Take a study tour around your Catholic university

For most people, high school graduates, like most adults, do not end up building careers within their institution of higher learning.

Leaving an institution of higher learning after a year? It’s no longer news, despite only half of us ever doing so. The most recent annual survey of college grads published in The Catholic Encyclopedia surveyed more than 2,000 alumni from 23 Catholic universities in the United States.

Here are some memorable examples.

A senior at Notre Dame’s St. Joseph’s College in 1998: “After graduation, I was the only non-Catholic or unaffiliated student in my class at Notre Dame. In my freshman year, I also decided to start working for the university as a member of the Office of Student Affairs.”

A senior at Mater Dei High School in 2007: “It was a miracle of God that I had graduated college,” said one. “I just had a voice in my head that told me to go get out.”

Leaving the Catholic University of America in 2010: “Before the holidays, I watched the Boston Marathon with many of my family, and I celebrated with people I hadn’t had time to see in a while,” said one. “I was surprised that the marathon wasn’t more awesome, or more terrifying, like Columbine.”

Leaving the University of Florida in 2011: “While studying philosophy at Florida State University, I had two minor discoveries,” said one. “The first was that the world seems to have an inherently selfish and dirty side. I realized that those of us who spend so much time shaping the world’s morals are often in denial, for good reason.”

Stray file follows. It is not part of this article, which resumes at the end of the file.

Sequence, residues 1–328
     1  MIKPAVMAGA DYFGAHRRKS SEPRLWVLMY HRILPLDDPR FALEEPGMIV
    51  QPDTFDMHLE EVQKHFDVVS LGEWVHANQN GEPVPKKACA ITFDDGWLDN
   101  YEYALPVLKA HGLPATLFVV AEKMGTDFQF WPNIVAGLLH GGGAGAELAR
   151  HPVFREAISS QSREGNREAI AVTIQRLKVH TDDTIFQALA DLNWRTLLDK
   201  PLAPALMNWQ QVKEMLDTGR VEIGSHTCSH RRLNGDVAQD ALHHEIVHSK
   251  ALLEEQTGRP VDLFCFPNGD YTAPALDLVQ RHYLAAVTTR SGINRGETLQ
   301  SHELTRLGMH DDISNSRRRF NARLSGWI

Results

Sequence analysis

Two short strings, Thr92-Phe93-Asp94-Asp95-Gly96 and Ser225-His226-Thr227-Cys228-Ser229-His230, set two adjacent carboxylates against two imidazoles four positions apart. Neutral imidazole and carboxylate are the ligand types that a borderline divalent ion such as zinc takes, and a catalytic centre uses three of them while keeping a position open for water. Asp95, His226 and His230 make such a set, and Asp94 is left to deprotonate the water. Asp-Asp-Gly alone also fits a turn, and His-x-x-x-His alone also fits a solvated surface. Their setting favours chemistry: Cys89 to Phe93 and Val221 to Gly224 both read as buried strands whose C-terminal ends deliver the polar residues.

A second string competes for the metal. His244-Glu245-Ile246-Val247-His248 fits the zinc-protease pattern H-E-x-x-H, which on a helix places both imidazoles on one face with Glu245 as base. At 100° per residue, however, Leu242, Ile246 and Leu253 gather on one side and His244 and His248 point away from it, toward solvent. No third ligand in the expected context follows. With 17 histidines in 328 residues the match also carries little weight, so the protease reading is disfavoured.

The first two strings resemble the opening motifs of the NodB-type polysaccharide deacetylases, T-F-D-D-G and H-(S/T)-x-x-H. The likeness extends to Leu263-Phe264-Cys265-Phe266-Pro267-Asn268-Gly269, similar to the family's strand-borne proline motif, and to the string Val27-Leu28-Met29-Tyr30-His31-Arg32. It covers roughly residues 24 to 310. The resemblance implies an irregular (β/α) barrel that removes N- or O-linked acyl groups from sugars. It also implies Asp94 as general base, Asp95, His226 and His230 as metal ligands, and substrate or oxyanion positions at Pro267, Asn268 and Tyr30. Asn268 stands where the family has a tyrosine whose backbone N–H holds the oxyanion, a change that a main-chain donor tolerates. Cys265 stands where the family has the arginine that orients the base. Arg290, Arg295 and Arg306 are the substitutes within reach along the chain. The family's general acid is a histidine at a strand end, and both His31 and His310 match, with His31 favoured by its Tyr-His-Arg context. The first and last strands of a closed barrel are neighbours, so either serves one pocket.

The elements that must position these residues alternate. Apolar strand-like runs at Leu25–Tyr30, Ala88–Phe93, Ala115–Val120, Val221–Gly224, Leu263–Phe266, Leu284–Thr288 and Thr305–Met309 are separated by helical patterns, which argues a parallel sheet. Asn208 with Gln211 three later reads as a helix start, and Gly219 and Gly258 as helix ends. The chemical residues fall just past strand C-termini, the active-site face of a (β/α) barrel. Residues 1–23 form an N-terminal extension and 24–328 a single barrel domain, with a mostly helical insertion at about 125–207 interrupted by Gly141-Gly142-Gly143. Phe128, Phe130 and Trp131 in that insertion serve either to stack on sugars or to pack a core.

Getting out of the D.I.Y. environment of St. John’s College at West Virginia University in 2008: “My first experience away from school was at St. John’s College in preparation for the 2008 Campaign to Defeat the Bully Act,” said one. “I was in school for two years and knew the importance of focusing on my academic and personal life. But a friend from college was one year older than me and would never help me accomplish my goals as an adult. She believed in me and backed me in the F.U.Y. approach but [was] not offering me assistance. This was a wake-up call to myself, and I set out to fight back.”

Education is especially likely to disappear from college campuses these days, and it will probably never return. The only way we can return to such an academic mindset is to have students lead the way in organizing for change. This way, why would we ever leave college?

Alex Faymer is a senior at Catholic University of America (CUA) in Washington, D.C. He is a senior at St. Joseph’s College in suburban Washington.

Read the original article on Washington Post. Copyright 2021.

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